BOSTON — Where is Gaddafi? Where is that convoy of more than 50 heavily armed vehicles going? And what is in it?
With his grip on Libya reduced to just four towns that are all under siege, deposed dictator Muammar Gaddafi has not been seen for weeks.
Gaddafi has vowed to fight until the bitter end in Libya, but he is certainly not leading from the frontlines.
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He is not in Tripoli which is now completely controled by the rebels of the National Transitional Council. Nor is Gaddafi reported to be in any of the towns still held by his forces: Bani Walid, Sabha, Jufra or his birthplace Sirte.
There is an odd silence as both sides wait to see what happens next.
Most likely, a deal is being brokered to get Gaddafi, 69, out of Libya in the interest of avoiding more bloodshed.
The fact that Gaddafi's wife, daughter and two sons left the country for Algeria is a strong indication that the family is moving out of Libya.
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A likely broker for a deal with Gaddafi is the African Union. Gaddafi was instrumental in founding the organization in 2001 and bankrolling it through several budget crises. Gaddafi was head of the African Union in 2009.
The African Union is now in a good position to negotiate with Gaddafi, as the organization has adamantly refused to recognize the Libyan rebels. South African president Jacob Zuma went to Tripoli recently to try to broker a resolution to the Libyan conflict but the rebels flatly rejected the AU plan.
Maybe this time the African Union can get Gaddafi out of Libya, which will likely result in a collapse of his loyalist forces and will speed Libya's return to peace and stability. That's what brings our attention to the convoy of more than 50 heavily armed military vehicles that crossed Libya's border with Niger earlier today.
The convoy points to the unlikelihood of Gaddafi fighting it out to the end in Libya. If the loyalist troops were really preparing for a decisive battle, they would not be sending 50 heavily armed vehicles off into the Saharan desert. Although Niger officials say Gaddafi is not in the convoy, if his departure from Libya is part of a deal brokered by the African Union, then Niger may be giving the deposed Libyan dictator safe passage.
Where will Gaddafi go?
Perhaps to a friendly African country. Burkina Faso has been frequently mentioned, but today the country denied that it has offered asylum to Gaddafi and top Burkinabe officials said they would honor their agreement with the International Criminal Court in The Hague to extradite anyone indicted for war crimes.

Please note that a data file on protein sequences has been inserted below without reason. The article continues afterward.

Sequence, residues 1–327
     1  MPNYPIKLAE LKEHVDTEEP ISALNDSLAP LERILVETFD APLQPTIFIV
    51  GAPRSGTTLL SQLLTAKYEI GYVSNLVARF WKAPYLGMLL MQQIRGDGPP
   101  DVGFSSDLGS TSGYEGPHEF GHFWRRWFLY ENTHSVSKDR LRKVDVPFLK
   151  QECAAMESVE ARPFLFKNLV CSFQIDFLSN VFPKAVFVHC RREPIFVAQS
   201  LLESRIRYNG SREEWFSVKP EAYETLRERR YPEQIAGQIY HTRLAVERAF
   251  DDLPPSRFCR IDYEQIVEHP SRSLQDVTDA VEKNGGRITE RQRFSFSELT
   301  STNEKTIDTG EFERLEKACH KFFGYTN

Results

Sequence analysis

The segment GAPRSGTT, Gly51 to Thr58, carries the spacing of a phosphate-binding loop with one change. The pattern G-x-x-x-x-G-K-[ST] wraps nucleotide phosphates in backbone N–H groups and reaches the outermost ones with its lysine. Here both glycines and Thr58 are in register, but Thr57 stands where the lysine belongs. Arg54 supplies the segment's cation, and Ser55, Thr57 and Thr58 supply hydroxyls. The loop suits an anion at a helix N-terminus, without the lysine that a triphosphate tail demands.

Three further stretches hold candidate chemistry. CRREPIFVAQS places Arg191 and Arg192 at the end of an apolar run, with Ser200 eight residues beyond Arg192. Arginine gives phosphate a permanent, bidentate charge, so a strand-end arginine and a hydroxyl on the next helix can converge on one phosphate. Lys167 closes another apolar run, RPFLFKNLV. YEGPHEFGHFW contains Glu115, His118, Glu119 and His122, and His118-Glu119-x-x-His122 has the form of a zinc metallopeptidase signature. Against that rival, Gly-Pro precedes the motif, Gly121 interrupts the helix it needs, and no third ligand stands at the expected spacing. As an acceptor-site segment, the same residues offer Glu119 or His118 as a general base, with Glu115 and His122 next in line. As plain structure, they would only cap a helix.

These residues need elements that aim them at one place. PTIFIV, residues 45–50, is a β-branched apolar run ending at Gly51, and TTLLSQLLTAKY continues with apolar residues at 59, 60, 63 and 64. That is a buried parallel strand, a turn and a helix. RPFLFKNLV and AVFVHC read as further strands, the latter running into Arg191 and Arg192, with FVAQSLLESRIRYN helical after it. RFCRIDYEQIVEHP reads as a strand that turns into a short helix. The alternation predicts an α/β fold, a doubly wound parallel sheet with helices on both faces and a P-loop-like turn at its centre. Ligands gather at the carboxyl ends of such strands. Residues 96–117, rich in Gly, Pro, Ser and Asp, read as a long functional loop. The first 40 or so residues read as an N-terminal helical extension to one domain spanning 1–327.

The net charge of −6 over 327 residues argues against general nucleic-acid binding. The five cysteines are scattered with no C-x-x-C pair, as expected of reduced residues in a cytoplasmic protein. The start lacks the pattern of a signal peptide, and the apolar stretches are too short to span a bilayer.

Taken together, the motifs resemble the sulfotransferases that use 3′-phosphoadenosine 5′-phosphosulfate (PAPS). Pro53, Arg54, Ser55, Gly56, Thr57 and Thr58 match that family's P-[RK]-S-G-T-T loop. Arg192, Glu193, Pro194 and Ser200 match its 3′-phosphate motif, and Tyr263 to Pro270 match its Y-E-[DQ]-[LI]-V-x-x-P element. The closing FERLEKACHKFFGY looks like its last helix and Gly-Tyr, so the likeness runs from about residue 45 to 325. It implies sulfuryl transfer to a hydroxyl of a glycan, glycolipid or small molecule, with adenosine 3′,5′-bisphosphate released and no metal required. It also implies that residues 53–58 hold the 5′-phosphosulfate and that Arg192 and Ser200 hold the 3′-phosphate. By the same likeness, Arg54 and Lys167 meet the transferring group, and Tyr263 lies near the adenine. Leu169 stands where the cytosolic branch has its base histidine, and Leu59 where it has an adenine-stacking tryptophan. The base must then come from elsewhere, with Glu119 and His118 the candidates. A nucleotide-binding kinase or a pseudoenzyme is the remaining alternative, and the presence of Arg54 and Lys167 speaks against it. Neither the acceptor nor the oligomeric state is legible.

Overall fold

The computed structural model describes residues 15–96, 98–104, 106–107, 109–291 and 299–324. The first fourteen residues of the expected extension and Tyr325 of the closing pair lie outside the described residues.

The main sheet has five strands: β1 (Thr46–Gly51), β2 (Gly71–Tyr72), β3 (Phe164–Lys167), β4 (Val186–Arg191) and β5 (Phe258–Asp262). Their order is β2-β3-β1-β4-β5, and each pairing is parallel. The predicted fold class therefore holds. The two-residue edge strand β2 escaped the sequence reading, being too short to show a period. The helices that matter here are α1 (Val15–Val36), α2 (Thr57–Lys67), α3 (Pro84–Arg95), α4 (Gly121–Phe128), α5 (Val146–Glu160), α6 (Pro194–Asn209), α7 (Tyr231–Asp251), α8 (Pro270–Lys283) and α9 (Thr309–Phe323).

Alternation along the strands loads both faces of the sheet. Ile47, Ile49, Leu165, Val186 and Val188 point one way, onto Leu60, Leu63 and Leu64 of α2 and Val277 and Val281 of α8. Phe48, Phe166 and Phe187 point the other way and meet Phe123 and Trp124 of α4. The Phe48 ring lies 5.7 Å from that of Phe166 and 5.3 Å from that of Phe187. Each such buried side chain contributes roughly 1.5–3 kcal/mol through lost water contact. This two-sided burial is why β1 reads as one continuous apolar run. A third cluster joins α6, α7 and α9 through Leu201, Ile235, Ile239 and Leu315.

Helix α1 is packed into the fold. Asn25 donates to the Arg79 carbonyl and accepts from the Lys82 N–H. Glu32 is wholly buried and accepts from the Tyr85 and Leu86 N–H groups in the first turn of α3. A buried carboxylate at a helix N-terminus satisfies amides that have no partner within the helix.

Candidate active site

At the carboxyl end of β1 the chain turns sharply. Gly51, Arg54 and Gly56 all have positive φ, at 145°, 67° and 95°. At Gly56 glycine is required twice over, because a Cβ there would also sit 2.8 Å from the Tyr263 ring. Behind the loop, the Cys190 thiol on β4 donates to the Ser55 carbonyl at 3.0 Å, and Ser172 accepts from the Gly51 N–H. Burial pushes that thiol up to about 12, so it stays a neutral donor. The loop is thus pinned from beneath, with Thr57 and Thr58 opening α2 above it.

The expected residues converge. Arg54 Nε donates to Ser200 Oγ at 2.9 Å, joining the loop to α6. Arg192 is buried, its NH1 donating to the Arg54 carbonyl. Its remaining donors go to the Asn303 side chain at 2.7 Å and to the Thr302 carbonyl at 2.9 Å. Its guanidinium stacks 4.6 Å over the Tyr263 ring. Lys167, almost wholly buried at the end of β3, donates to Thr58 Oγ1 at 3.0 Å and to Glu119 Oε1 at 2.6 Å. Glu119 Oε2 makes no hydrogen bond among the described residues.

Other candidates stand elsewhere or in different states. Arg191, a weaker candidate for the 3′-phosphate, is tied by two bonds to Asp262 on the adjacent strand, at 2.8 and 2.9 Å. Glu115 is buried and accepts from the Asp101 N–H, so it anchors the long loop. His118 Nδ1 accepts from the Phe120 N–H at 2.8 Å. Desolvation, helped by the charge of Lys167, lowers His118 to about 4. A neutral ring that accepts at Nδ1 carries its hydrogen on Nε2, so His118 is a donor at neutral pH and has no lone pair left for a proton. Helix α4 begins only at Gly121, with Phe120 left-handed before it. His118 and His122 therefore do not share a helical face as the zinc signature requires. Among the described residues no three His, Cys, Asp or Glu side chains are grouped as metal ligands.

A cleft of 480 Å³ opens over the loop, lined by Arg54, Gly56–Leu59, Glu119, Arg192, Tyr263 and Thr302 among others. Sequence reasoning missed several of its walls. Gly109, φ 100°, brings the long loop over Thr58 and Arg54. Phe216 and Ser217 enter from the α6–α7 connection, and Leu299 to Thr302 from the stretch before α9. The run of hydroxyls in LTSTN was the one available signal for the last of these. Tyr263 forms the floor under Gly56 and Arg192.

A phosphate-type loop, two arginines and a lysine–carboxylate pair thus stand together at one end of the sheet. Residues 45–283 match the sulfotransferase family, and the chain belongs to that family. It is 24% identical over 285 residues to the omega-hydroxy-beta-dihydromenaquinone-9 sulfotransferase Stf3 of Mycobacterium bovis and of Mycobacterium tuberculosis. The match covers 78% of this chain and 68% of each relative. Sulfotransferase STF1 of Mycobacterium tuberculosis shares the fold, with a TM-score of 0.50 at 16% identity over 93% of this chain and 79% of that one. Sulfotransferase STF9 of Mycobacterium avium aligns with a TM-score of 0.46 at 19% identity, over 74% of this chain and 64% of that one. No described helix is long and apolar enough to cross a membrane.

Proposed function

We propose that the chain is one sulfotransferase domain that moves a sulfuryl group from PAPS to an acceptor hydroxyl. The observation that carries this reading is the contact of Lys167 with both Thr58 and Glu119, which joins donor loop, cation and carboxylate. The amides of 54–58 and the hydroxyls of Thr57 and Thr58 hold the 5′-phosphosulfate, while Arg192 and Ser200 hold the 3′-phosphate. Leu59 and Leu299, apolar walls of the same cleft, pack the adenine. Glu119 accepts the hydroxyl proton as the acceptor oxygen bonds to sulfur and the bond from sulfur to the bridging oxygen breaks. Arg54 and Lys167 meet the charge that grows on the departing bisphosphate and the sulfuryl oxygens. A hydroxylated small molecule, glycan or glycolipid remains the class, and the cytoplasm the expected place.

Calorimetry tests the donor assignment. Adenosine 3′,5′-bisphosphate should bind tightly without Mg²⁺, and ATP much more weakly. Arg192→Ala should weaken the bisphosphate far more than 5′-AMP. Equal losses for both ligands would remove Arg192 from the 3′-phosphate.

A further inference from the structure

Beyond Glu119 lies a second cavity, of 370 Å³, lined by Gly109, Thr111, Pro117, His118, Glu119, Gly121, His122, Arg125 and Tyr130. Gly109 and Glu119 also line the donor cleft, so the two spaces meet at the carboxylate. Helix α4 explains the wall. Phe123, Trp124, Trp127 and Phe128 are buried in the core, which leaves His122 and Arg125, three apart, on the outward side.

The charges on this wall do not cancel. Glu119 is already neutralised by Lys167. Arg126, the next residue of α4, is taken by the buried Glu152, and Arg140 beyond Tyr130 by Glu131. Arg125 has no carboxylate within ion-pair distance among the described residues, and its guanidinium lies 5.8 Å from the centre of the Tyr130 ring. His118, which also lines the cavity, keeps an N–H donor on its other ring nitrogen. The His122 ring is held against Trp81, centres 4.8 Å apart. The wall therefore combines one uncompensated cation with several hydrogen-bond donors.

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Maybe Gaddafi's convoy is headed way down south to Zimbabwe.
Gaddafi has enjoyed a long friendship with Zimbabwean dictator Robert Mugabe. In 2001 Gaddafi drove to Harare in a convoy of 80 vehicles including his own black limousine. I remember Gaddafi arriving in Zimbabwe's capital in an open-topped car, waving to the thousands of Mugabe's supporters who lined the entrance to Mugabe's residence.
Gaddafi had just been to the African Union summit in Lusaka, Zambia, and he said he wanted to drive overland to Zimbabwe to show solidarity with his African brothers and sisters. He also offered Zimbabwe, which was hit by a severe fuel shortage at that time, a shipment of oil.
The Zimbabwean press has been rife with speculation that Gaddafi is coming back to Harare and that his family has purchased choice properties. Zimbabwe has already given asylum to another fallen African dictator, Ethiopia's Mengistu Haile Mariam, who has been in exile in Zimbabwe since 1991. Zimbabwe has staunchly refused to extradite Mengistu back to Ethiopia, where he was found guilty in absentia of the murders of 2,000 people and was sentenced to life imprisonment.
Zimbabwe's Deputy Prime Minister Arthur Mutambara said last week in parliament that Gaddafi would be welcome to seek asylum in Zimbabwe.
But if the African Union is brokering a deal to get Gaddafi out of Libya, it may be encouraging Gaddafi to go even further away so that he would be less likely to meddle in Libya's affairs.
Venezuela's president Hugo Chavez has publicly, and vigorously, declared his support for Gaddafi. He even received a letter from the Libyan leader recently. Perhaps that is where Gaddafi and the convoy are headed.
Libya's rebels accuse Gaddafi of trucking gold bars and foreign currency from Libya in order to fund a lavish lifestyle wherever he seeks asylum.
But no matter where Gaddafi goes and no matter how comfortable his villa, he will be forever on guard. Gaddafi and his son, Saif, have been indicted for crimes against humanity by the International Criminal Court in The Hague.
Just a few years ago Liberia's Charles Taylor found a comfortable refuge in Nigeria. But within a couple of years the guards around his beach home disappeared, and he was arrested and sent to The Hague where he is currently standing trial for war crimes.
That could well be Gaddafi's fate no matter where he succeeds in finding a safe haven in the coming days.
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